The paper is organized as follows. In Section 2, an overview of the PITZ facility is given. The RF gun of PITZ is described. In Section 3, measurements of the parasitic field emission current (i.e., dark current) in the PITZ gun are presented. A metallic field emitter placed on the backplane of the gun cavity is specially designed. It is used to enhance the local electric field gradient at a microtip for initiating pronounced field emission (FE). The FE based electron beams are then generated according to the Fowler-Nordheim theory. Using the modified electric field maps tracking simulations of field-emitted electron bunches are performed up to the entrance of the plasma cell in Section 4. The quasi cw beams are optimized by tuning operation conditions of the booster and a set of solenoids for fulfilling the experimental conditions as stated above. A summary and an outlook are given in Section 5.
2 Facility Overview and the RF Gun of PITZ
The Photo Injector Test facility at DESY in Zeuthen (PITZ), was built to test, develop and experimentally optimize high brightness photoelectron sources for the operation of TESLA technology based Free Electron Lasers (FELs). The RF guns prepared at PITZ are in use at the Free electron LASer in Hamburg (FLASH) and the European X-ray Free Electron Laser (European XFEL). The PITZ LINAC consists of an L-band 1.6-Cell normal conducting (NC) RF gun, a pair of focusing solenoids, an NC 14-Cell booster cavity, and various advanced systems for electron beam diagnostics. The RF gun, the booster cavity and the plasma cell are located at 0, 2.7 and 6.0 meters (starting positions w.r.t. the cathode plane) in the beam line, respectively. The interested reader is referred to (15); (16) for a detailed description of the facility. Reports on plasma acceleration research activities at PITZ can be found in (17); (18).
The key component of the PITZ accelerator is an RF gun (19); (20), as illustrated in Fig. 1. It is composed of a 1.3 GHz copper resonator operated in mode, coaxial RF power coupler, door-knob transition, input waveguide and supporting systems.
The PITZ gun can be operated with a high electric field gradient of about 60 MV/m on the cathode surface, resulting in a high peak RF power of about 6.5 MW in the cavity. It allows operation with long RF pulses of up to (650-1000) s at a repetition rate of 10 Hz. This defines a high average RF power of more than 50 kW, dissipated in a rather short cavity length of about 20 cm. The gun has, meanwhile, shown a good RF amplitude stability of about and a phase stability of about 0.06 deg during its operation (21).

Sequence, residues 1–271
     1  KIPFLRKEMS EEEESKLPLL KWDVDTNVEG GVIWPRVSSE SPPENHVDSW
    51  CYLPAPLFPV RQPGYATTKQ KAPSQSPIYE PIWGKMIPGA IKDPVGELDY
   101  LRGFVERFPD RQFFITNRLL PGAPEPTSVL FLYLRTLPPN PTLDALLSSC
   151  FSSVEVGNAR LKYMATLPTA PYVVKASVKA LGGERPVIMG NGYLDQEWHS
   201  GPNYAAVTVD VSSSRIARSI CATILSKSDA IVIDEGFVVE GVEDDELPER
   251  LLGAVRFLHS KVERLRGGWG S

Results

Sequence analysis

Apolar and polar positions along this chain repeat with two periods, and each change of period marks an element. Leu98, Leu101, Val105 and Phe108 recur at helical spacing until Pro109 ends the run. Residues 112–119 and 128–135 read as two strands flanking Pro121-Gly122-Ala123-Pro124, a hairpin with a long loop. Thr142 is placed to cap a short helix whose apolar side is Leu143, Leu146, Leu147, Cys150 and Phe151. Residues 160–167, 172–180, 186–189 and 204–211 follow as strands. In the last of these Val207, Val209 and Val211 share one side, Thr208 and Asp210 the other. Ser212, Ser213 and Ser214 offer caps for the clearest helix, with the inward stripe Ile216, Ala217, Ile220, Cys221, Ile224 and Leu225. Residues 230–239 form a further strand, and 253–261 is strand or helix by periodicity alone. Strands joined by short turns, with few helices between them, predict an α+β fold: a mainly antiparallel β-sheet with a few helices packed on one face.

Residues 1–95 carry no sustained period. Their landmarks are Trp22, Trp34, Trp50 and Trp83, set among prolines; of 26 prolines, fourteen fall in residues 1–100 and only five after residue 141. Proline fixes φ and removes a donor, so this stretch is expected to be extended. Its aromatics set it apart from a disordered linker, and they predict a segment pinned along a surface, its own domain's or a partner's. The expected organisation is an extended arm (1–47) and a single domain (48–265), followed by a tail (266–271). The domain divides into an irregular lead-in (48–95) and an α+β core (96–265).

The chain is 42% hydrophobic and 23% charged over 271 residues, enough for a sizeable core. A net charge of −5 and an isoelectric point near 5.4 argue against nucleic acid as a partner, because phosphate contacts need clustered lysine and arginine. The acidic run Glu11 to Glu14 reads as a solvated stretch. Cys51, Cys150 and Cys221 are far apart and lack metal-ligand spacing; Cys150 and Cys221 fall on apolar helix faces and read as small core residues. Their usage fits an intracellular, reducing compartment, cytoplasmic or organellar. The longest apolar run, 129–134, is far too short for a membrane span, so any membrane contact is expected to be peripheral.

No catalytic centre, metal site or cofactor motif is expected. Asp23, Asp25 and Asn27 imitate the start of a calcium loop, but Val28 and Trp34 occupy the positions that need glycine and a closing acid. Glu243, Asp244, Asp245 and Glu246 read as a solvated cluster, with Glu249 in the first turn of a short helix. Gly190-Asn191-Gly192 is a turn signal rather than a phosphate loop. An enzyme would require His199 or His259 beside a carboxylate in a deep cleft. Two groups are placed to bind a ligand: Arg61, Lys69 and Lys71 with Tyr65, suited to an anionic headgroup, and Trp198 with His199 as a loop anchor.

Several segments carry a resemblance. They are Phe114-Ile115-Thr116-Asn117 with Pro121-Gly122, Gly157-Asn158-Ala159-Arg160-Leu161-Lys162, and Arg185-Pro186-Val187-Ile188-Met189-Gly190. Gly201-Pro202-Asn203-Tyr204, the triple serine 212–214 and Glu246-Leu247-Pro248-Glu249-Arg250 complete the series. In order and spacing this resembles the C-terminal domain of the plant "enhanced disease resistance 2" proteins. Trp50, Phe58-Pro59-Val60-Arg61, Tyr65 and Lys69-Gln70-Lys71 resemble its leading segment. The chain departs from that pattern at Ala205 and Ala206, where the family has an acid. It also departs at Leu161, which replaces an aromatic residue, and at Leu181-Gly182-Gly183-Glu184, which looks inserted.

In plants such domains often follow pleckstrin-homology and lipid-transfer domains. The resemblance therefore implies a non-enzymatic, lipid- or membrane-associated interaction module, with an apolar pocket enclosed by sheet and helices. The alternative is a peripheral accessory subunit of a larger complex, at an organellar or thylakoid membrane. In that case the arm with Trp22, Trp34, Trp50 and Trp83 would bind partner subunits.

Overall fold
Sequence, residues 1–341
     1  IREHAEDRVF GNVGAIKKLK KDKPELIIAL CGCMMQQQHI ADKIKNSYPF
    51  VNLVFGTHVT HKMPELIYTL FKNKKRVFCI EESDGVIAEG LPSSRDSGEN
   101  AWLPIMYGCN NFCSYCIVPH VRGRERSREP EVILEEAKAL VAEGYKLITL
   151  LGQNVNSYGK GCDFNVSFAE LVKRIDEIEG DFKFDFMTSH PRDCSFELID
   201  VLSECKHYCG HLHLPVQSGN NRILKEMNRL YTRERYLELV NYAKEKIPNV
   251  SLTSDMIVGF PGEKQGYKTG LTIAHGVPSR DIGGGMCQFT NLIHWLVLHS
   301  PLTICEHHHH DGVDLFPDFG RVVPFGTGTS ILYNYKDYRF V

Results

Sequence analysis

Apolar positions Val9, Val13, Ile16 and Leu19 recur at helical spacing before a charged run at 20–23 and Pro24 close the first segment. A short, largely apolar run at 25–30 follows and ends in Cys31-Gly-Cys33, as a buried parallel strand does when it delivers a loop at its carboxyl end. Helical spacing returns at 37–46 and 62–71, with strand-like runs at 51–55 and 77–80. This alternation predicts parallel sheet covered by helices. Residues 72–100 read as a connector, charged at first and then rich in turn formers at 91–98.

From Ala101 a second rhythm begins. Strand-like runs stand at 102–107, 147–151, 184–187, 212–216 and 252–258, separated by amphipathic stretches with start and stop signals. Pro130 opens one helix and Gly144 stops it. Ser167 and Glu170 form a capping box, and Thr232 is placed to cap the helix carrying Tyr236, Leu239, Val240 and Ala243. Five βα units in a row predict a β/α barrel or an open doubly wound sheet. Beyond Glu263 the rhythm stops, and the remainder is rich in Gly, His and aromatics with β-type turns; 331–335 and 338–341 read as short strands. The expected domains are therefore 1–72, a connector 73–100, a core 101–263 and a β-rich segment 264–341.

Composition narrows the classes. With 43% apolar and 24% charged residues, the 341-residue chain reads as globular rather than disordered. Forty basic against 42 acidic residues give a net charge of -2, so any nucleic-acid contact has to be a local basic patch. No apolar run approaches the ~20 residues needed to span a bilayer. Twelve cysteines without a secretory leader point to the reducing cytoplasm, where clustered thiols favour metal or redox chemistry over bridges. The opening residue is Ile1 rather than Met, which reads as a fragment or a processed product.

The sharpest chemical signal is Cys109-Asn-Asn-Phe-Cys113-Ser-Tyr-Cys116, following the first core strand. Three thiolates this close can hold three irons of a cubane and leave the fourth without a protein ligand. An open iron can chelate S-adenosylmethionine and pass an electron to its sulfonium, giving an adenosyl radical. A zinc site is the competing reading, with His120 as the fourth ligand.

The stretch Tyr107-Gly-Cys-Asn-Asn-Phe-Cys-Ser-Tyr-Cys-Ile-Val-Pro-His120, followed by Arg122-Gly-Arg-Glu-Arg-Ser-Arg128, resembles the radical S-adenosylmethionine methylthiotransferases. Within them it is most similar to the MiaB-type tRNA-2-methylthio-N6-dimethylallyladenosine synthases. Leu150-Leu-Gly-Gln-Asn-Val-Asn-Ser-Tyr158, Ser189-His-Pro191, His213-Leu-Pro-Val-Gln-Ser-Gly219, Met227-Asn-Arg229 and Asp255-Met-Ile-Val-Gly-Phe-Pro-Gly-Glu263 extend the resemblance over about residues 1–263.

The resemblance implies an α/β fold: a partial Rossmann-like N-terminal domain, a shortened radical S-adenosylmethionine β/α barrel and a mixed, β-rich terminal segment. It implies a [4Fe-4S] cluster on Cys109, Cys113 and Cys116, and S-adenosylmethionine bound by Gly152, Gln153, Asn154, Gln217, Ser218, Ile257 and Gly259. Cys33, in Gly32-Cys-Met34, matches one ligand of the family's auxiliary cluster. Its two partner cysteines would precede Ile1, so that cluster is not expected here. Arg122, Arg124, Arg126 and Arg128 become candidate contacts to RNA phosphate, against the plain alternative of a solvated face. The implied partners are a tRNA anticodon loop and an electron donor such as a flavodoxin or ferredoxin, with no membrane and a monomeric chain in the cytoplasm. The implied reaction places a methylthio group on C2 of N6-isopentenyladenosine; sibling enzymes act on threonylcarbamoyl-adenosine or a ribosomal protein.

3 Field Emitted Electron Beam in the Gun
Field emission (FE) from metals refers to quantum mechanical tunneling of conduction band electrons through the potential barrier at the surface of the metal. The FE-based electrons can be extracted when a GV/m-scale electric field gradient is locally formed at the field emitter (i.e., a needle cathode). This process is described by the Fowler-Nordheim (FN) equation (12). In an RF regime, the emission current density is expressed as
and the RMS emission duration is derived as
The term I represents the peak FE current while characterizes the enhanced local electric field with ==, where stands for the macroscopic surface field oscillating with an angular frequency of and denotes the maximum amplitude of the field. The symbols and denote work function of the field emitter material and the effective emitting area, respectively. The field enhancement factor is defined here as the ratio of the enhanced local electric field to the original applied electric field . The RMS emission duration per RF cycle is a function of emitter material work function, field enhancement factor and maximum amplitude () of the RF electric field.
Parasitic field emission (PFE) usually exists already in high field regions of an accelerating structure (22); (23). This can for example refer to field emitted electrons born in the cathode area of the gun cavity, some of which may be captured by the accelerating fields and further transported downstream in the accelerator chain. Due to its complex nature of dynamics, the resulting PFE electron current, namely, dark current, is undesirable for accelerator operations. But, the dark current is usually several orders of magnitude lower compared to a controllable field emission beam current produced from a specially designed field emitter (see next subsections for details). In the following, measurements of the dark current in the PITZ gun are shown first.